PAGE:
News: Fort Hood Soldier applies resilience to publish novel written during deployment
Story by Sgt. Ken Scar
KILLEEN, Texas - Soldiers often put their spare time during deployments to good use: some hit the gym, some learn new skills, and some hit the books. One wrote a book.
Spc. Bradley Wancour, a public affairs specialist with the 13th Public Affairs Detachment, spent most of his life wanting to author a novel.
The Army unexpectedly provided him with the perfect opportunity.
“I’ve wanted to publish a book since before high school,” he explained. “I starting writing one and kind of poked at it here and there for years, but I’d get distracted by something else and then forget about it.”
When the 13th PAD embarked on a yearlong deployment to Kuwait, he realized right away that he was going to have a good amount of off time, so he got motivated.
“When my wife and I deployed to Kuwait, I decided to focus on it. Some people go to the gym for hours while they’re deployed to get into shape; my thing was to get my book into shape.”
Wancour’s wife, Sgt. Heather Feenaughty, said she was impressed by her husband’s discipline once he set his goal.
“We lived in a [shipping container] with a bed,” she laughed. “At night after work I’d be playing video games, and he’d be writing two or three hours a night. Some people go for degrees on deployment - I tried to learn French - but Brad writes a book!”
The finished product, “The Human Lie,” is a dark tale about a young man who finds out, quite suddenly, that he’s a werewolf.
“It’s about a guy who wakes up one day surrounded by werewolves who say, you’re one of us,” said Bradley. “I like to say it’s an exploration of the animal side of humanity as told through werewolves.”
But Bradley’s journey to be an author didn’t end when he typed “the end.” The next step was getting the book published, and that’s when the real adventure began.
He started by sending his manuscript to all the big publishing companies, and grins sardonically at their response.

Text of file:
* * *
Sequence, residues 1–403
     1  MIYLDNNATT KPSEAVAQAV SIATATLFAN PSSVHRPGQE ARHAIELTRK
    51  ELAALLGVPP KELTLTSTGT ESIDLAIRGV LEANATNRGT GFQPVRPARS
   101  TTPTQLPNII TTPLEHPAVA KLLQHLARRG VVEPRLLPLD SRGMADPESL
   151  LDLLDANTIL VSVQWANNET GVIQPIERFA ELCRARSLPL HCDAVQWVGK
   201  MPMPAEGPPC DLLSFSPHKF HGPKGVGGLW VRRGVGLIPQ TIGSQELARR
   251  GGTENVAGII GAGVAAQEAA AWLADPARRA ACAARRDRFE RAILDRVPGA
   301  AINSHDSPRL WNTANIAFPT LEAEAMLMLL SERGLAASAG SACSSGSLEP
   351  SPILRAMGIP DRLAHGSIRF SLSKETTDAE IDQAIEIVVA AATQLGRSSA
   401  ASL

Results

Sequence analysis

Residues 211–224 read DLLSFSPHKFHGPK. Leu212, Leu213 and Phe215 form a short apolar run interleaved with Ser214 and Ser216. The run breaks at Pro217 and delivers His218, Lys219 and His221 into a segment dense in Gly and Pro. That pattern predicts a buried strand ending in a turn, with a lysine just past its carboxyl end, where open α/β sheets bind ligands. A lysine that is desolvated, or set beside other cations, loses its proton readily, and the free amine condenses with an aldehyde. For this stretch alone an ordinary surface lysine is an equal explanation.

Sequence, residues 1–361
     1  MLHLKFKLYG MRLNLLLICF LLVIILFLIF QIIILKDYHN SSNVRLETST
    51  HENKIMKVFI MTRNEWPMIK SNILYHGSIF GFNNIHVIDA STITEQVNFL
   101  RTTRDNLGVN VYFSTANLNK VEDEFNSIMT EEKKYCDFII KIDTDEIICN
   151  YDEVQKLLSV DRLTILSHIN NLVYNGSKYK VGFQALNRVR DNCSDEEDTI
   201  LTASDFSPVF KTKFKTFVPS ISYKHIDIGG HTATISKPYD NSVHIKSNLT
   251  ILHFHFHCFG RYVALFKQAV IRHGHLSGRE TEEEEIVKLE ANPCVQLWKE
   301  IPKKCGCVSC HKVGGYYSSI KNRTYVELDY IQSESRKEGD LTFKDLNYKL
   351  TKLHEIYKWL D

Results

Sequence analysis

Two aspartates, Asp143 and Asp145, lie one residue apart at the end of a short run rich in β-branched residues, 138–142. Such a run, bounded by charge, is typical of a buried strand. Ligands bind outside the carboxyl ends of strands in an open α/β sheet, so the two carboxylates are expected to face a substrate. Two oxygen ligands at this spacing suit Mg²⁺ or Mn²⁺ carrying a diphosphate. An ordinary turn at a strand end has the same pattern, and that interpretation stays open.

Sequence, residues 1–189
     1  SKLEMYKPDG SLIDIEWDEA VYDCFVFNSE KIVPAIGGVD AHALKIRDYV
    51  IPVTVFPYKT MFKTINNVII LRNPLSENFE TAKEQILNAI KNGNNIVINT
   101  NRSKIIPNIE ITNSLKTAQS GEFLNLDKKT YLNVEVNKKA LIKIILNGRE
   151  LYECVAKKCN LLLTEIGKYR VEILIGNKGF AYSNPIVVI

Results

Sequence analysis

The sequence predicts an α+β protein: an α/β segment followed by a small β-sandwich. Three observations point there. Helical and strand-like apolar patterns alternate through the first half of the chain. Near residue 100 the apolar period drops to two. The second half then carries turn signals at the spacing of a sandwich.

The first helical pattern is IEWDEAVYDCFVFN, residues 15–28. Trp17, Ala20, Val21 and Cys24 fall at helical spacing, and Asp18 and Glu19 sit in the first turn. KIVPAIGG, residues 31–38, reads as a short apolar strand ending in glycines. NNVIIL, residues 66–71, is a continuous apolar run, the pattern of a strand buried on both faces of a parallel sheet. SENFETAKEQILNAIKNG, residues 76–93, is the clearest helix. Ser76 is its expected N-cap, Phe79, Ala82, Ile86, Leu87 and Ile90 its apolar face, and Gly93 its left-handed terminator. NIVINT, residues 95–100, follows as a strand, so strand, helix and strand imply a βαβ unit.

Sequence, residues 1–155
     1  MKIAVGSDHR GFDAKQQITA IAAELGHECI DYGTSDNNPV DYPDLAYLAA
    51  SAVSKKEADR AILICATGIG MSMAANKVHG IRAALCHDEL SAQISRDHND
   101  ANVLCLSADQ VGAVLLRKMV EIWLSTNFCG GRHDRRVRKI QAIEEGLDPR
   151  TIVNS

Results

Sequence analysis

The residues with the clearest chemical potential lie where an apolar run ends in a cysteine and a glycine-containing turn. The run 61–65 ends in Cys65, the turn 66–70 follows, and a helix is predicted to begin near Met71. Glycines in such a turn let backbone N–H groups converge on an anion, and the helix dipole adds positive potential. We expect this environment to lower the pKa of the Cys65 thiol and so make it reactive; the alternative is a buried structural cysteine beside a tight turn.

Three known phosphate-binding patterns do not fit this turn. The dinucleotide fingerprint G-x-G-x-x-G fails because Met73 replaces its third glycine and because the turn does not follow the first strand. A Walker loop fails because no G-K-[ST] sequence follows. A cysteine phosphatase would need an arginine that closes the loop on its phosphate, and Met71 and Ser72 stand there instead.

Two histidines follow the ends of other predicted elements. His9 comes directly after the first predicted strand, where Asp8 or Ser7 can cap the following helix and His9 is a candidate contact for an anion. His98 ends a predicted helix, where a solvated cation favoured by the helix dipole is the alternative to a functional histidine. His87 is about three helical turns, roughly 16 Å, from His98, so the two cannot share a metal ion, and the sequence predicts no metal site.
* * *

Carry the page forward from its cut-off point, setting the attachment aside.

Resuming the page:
“I didn’t even get rejection letters from them. Just silence.”
Frustrated, Bradley sought out other options, and found a publishing company in Michigan that said it was willing to print his book for a fee.
“It was a pay to play kind of thing,” he said. “I paid them nearly $2,000 for the service of editing, creating a cover, and publishing my book.”
After months of giving Bradley the run-around, the company closed under mysterious circumstances, taking Bradley’s dreams and his money with it.
“I didn’t get anything. I never saw a dime back, and I don’t expect to,” he sighed. “It was discouraging. So I sat on the book for a long time again.”
Earlier this year, he rallied himself once again and figured out a way to use his skills as a military journalist to finally make his dream come true.
“Because of my job in the military I’ve learned to use programs like InDesign and Photoshop,” he explained. “I decided to take it into my own hands and publish my book myself.”
He researched self-publishing options and found an online service called CreateSpace, which is owned by Amazon, that provides self-publishing services and decided to give it a try.
The service offers design and layout options for a price, but Bradley didn’t have to use any of them.
“I was able to create the cover and lay out the entire interior myself using the skills I learned as a public affairs specialist in the Army,” he said. “I didn’t have to pay a dime to get it published.”
The result is a slick-looking paperback that is printed to order. Bradley proudly displayed a small stack of them at his home, the satisfying reward for his long struggle.
“My whole family has been buying it, including my brother, who is [in Afghanistan] right now,” said Heather. “Brad’s worked very hard on that book, and I’m just happy to see the final product. It’s been a long journey for him.”